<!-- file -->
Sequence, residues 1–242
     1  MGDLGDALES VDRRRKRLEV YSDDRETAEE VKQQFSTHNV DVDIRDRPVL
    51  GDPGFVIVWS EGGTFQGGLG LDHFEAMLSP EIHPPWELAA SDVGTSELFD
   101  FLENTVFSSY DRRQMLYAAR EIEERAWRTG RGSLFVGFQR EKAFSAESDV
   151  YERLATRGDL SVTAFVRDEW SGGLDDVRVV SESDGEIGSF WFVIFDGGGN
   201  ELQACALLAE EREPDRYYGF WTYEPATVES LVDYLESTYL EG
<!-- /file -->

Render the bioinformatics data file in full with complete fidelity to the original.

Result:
Sequence, residues 1–242
     1  MGDLGDALES VDRRRKRLEV YSDDRETAEE VKQQFSTHNV DVDIRDRPVL
    51  GDPGFVIVWS EGGTFQGGLG LDHFEAMLSP EIHPPWELAA SDVGTSELFD
   101  FLENTVFSSY DRRQMLYAAR EIEERAWRTG RGSLFVGFQR EKAFSAESDV
   151  YERLATRGDL SVTAFVRDEW SGGLDDVRVV SESDGEIGSF WFVIFDGGGN
   201  ELQACALLAE EREPDRYYGF WTYEPATVES LVDYLESTYL EG